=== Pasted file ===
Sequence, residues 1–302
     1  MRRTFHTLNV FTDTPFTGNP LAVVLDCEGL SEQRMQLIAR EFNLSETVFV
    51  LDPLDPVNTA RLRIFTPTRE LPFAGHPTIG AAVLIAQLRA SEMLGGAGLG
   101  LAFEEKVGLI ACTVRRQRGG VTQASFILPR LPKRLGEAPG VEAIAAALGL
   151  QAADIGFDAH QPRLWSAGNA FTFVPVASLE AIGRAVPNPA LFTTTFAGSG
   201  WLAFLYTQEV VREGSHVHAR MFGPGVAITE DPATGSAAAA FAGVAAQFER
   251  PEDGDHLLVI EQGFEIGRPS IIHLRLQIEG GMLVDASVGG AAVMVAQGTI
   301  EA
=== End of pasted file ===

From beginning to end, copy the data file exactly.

Sequence, residues 1–302
     1  MRRTFHTLNV FTDTPFTGNP LAVVLDCEGL SEQRMQLIAR EFNLSETVFV
    51  LDPLDPVNTA RLRIFTPTRE LPFAGHPTIG AAVLIAQLRA SEMLGGAGLG
   101  LAFEEKVGLI ACTVRRQRGG VTQASFILPR LPKRLGEAPG VEAIAAALGL
   151  QAADIGFDAH QPRLWSAGNA FTFVPVASLE AIGRAVPNPA LFTTTFAGSG
   201  WLAFLYTQEV VREGSHVHAR MFGPGVAITE DPATGSAAAA FAGVAAQFER
   251  PEDGDHLLVI EQGFEIGRPS IIHLRLQIEG GMLVDASVGG AAVMVAQGTI
   301  EA